Monty Hall, Host of Game Show ‘Let's Make a Deal,’ Dies at 96By
Show celebrated U.S. capitalism in all its frenzied zeal
Mathematicians puzzled over the ‘Monty Hall Problem’
Monty Hall, who celebrated American capitalism in all its frenzied hopefulness as the co-creator and cash-dispensing host of the groundbreaking television game show “Let’s Make a Deal,” has died. He was 96.
He died Saturday at his home in Beverly Hills, California, the New York Times reported, citing his daughter, Joanna Gleason. The cause was heart failure.
During a 13-year run on U.S. networks starting in 1963, with revivals in the 1980s and 1990s, “Let’s Make a Deal” had costumed contestants earn money for what they had in their pockets, then gamble the cash on the chance for bigger prizes, with the risk of landing booby prizes, known as “zonks.”
Part salesman, part carnival barker, Hall wore loud suits while emceeing about 4,700 episodes of the show through 1990. On his office wall hung a sign that declared: “You can learn more about America by watching a half hour of ‘Let’s Make a Deal’ than you can from watching Walter Cronkite for a month.”
In a 2002 interview with the Archive of American Television, Hall said the show reflected the nation’s diversity, as well as its taste for deal-making.
It was the first game show “that used black people, brown people, yellow people, old people, young people, fat people, skinny people, because we felt that this was a cross-section of America -- that’s what America looks like,” he said. “They’re different colors, different sizes, different ages, different shapes. And everybody makes a good contestant.”
To get the attention of Hall, who selected the contestants himself, audience members carried signs, wore odd hats and eventually began arriving in full costume -- the more outlandish, the better.
“Monty has a sincerity and sense of sympathy that enables him to dignify nervous people in costume,” Michael Eisner, who would become the chief executive officer of Walt Disney Co., wrote in Hall’s 1973 memoir. Eisner had been a programming executive at ABC when Hall moved his show there from NBC in 1968.
Unlike Hall, Eisner wrote, “I couldn’t speak to a person dressed like a duck without laughing in his face.”
The show’s signature final game, the Big Deal of the Day, asked winners to trade their bounty for whatever was behind one of three closed doors. One concealed a grand prize such as a car or a vacation, while two offered lesser prizes.
Sometimes, Hall would reveal a lesser prize behind a door not chosen, leaving two closed doors -- the contestant’s choice and one other. Then he would offer the contestant the opportunity to pick the other door, sometimes with a cash offer attached.
This conundrum, sometimes called the Monty Hall Problem, would become much-debated fodder for mathematicians and logicians, who debated how best to explain why the odds favored switching doors rather than standing pat.
Sticking with their original pick gave contestants a one-in-three chance of winning the grand prize, while switching doubled their chance to two-in-three. Yet time and again, contestants proved reluctant to give up their initial choice “no matter how much money I offered,” Hall told the New York Times.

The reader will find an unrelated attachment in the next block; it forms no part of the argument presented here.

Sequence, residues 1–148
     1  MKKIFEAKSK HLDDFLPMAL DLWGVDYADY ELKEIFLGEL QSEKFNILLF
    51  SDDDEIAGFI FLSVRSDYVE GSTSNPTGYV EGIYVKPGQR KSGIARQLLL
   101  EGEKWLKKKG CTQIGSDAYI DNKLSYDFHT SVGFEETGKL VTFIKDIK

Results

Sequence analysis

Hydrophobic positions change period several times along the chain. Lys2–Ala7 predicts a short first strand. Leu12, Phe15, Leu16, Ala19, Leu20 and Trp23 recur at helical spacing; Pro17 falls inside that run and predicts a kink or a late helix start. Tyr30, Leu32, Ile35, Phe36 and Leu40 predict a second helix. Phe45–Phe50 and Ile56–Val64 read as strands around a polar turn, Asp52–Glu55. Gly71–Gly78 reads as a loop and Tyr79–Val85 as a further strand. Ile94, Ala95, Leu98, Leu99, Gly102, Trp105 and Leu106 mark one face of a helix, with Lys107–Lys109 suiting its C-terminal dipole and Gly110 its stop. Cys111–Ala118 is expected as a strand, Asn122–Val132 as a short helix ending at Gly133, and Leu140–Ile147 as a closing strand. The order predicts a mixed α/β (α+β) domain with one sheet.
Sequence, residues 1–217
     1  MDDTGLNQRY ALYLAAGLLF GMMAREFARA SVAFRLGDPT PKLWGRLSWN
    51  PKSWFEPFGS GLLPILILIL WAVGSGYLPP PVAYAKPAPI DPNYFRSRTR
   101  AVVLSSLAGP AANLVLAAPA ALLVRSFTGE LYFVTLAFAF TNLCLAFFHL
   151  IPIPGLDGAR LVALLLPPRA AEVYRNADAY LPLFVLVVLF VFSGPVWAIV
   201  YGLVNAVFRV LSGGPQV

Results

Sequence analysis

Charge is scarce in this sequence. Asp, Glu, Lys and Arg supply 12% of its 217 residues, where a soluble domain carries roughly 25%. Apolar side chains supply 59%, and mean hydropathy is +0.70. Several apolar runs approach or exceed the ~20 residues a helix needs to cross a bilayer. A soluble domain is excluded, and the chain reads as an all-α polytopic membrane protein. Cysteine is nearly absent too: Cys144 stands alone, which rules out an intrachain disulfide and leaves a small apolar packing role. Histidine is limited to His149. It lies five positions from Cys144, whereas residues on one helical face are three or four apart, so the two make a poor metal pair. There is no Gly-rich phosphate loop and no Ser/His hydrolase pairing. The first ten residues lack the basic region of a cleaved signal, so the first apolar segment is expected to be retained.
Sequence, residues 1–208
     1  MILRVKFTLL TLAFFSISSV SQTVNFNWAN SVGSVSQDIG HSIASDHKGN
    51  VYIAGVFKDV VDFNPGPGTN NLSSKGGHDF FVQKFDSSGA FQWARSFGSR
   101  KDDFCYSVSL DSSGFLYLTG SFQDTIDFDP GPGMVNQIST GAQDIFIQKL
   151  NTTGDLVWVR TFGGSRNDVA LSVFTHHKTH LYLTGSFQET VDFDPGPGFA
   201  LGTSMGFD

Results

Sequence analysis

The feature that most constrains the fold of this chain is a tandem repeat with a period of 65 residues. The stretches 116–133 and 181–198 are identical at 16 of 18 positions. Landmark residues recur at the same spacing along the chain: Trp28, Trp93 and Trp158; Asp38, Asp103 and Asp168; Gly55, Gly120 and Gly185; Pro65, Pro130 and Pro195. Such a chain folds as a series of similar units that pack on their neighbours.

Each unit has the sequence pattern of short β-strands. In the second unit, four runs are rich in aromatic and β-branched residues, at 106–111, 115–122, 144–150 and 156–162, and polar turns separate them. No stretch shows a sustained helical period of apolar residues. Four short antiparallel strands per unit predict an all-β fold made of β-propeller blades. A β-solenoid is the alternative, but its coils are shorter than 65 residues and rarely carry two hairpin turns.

Monte Halparin was born Aug. 25, 1921, in Winnipeg, Canada, the first of two boys. Both his parents were of Russian-Jewish immigrant stock: Rose, a onetime teacher, and Maurice, a bookkeeper turned butcher. Monty and his brother, Robert, later shortened their last name to Hall. “Monte” became “Monty” in a less intentional way, the result of a radio station that misspelled his name on a billboard, Hall wrote in his memoir.
While in elementary school Hall endured an accidental scalding that kept him home for several months. He then caught double pneumonia during his recovery, leading his doctor to predict he wouldn’t reach the age of 20, he said in the Archive of American Television interview.
He graduated in 1945 from the University of Manitoba, where he served as student body president. Hall took pre-med classes but couldn’t get into medical school, an obstacle he later blamed on a quota system that limited the numbers of Jews.
Hall began work at a radio station in Winnipeg, the capital of Manitoba, then moved to Toronto, where he covered news, announced sports events, and hosted game shows on the radio. One of them, “Who Am I?,” which challenged listeners to identify a person by voice, became a hit across Canada.
He moved to New York in 1955, working on NBC Radio, then to Hollywood in 1960 to preside over CBS’s “Video Village.” He helped create the game show “Your First Impression” in 1962. The show introduced him to Stephen Hatos, a writer and producer, and the two men joined forces to create “Let’s Make a Deal,” which first aired in the final days of 1963.
Hall and Hatos, through their production company, also created “Split Second”, “Masquerade Party” and “It’s Anybody’s Guess” in the 1970s. Hatos died in 1999.
In addition to Gleason, an actress, his survivors include another daughter, Sharon Hall, a television producer; a son, Richard Hall, a writer and director; and five grandchildren, according to the Times. His wife, the former Marilyn Plottel, who also worked as a television executive, died in June.
Hall devoted much of his time to charitable causes, including serving as international chairman of Variety the Children’s Charity.